The Voyage of No Return

May 15, 20176 min read

Intipucá, El Salvador – 1981

Gabriella inhaled sharply, as the tropical breeze blew her long black hair around her face. She squinted up at the house she had known for 16 years ago, and the life she was about to leave behind. Her mother was yelling nearby, trying to get her grandchildren in order as she bid them goodbye. Gabriella did not want to look – the idea of leaving these kids she had helped raise herself was unbearable. But sure enough, a small tug on her skirt brought her back out of her troubled thoughts. Her niece, Sonia, was looking up at her with curious eyes, offering a small red flower in her hand. “Be careful, Gabi,” she whispered, with a look of wisdom far greater than her years. For an 8-year-old, she could not possibly understand the danger ahead for Gabriella and her mamá. But instead of reprimanding her, Gabi crouched down and took the flower gently from her. There was fear in Sonia’s eyes because staying at this house in Intipucá could present a danger even greater than crossing the American border – the pandilleros were coming. Gabi sighed and hugged Sonia’s frail body close to her, she was all skin and bones – lately with 10 mouths to feed, there simply wasn’t enough food to go around. “Thank you,” Gabi murmured, trying to prevent the sea of tears from coming. “Cuidate también. I’ll write you as soon as I can.” She knew it could very well be an empty promise. Millions of people who embarked on this journey disappeared, never to be heard from again by their family members.

It was the voyage of no return.

If Gabriella made it to the United States, there was a possibility that she could never return to her hometown in El Salvador – she would be an illegal immigrant in America, with little to no rights, and a very limited, difficult path ahead. But she could write letters to her family members, send them money from whichever small job she managed to get, she would even have the opportunity of getting an education! And maybe… just maybe, she would see them again. That was much better than the other alternative – being raped, killed, or sold on the journey there. Little Sonia would have no way of knowing what had happened to her grandmother and aunt, she would simply never hear from them again.

But as her mother kissed her grandkids goodbye, and they hugged her long skirts tightly, Gabriella knew they had to go. This was the only chance they had at new life. Civil war was raging in El Salvador. Very soon, the rebels and pandilleros would descend on this small town, at the very least demanding money the villagers did not have, or at the most, pillaging, raping, and destroying their town.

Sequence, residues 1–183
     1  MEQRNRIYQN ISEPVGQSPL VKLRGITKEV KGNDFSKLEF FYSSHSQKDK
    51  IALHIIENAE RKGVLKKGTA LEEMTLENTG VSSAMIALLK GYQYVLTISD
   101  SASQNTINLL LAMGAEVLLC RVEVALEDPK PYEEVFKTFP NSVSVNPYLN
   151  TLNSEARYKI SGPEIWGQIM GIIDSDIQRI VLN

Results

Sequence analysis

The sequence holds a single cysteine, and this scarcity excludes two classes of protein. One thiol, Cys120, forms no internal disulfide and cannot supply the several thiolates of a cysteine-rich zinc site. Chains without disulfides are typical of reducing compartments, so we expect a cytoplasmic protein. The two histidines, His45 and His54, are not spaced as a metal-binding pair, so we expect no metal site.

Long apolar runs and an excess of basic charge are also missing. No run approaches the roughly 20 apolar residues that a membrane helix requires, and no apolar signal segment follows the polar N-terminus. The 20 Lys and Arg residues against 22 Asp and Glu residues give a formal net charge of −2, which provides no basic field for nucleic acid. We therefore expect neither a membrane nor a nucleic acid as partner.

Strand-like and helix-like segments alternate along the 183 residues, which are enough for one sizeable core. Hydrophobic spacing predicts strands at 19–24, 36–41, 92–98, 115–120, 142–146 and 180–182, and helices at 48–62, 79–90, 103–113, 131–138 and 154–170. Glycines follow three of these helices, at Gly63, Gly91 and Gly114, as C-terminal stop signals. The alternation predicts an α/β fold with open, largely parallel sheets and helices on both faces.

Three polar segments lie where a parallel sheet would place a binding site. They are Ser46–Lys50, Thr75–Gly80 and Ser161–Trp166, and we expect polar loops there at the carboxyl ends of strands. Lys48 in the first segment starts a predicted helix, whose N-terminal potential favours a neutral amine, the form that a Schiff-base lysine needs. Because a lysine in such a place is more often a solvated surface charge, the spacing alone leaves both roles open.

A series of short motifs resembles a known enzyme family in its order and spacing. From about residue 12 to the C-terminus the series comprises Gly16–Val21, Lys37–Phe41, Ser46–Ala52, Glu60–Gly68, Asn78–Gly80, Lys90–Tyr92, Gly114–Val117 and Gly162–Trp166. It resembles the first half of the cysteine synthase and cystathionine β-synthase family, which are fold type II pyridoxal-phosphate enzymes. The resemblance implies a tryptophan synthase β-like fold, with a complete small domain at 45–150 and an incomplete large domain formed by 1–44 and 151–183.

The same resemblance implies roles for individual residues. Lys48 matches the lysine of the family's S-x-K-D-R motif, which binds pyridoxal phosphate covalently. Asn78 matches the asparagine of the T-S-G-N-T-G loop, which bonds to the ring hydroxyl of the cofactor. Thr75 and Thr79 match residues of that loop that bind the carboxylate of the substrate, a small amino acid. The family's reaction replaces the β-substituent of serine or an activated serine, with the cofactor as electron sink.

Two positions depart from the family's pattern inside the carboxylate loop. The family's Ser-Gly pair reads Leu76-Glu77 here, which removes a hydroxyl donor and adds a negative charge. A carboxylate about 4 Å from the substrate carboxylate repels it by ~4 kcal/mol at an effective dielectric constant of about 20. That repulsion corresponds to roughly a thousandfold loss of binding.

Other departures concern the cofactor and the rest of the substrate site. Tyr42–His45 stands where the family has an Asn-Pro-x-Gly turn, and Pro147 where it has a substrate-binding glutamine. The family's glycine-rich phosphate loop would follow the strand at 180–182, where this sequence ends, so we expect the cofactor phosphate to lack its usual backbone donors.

Papá had insisted they go, determined to protect his youngest daughter and his wife, the love of his life, insisting that it would be easier for him to stay to protect the children his other sons and daughters had left behind. Gabi’s older siblings had all taken this voyage and crossed successfully, leaving their parents with the responsibility of their children.

It gave Gabi hope that she and her mother would successfully make the trip. It would take 8 days to reach the United States, and they would have to go through Guatemala, Mexico, and cross the treacherous Rio Grande in the hopes of reaching the Texan border.

“It’s time,” Gabi looked up to see her parents standing before her, the pinnacle of self-control. Mamá was holding herself rigidly, all business, pushing her emotions to the side. And papá, the softer one, had a small, uncertain smile on his face that couldn’t quite mask the fear in his eyes. He could potentially lose his whole world on this journey. But he continued, “I’m so very proud of you. Do not doubt yourself, have courage, and protect each other. We’ll see each other again in a couple of months.”

Gabi smiled, not quite hiding the tears pouring from her eyes. Her parents encircled her in one final hug together, until her mother pulled away, sniffed, and picked up their two small bags – all they could afford to bring.

Gabi looked back up at the house, this time with determination. There was no choice, it was time to go. She was no longer the small town girl who helped around the house and helped raise her siblings’ children. She must be a woman of strength, courage, and calculating intelligence to make it out alive.

And she would.

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Daniela Romero

Daniela is a 19 year old college student, business major, feminist, and aspiring makeup artist. For business inquiries, contact her at [email protected]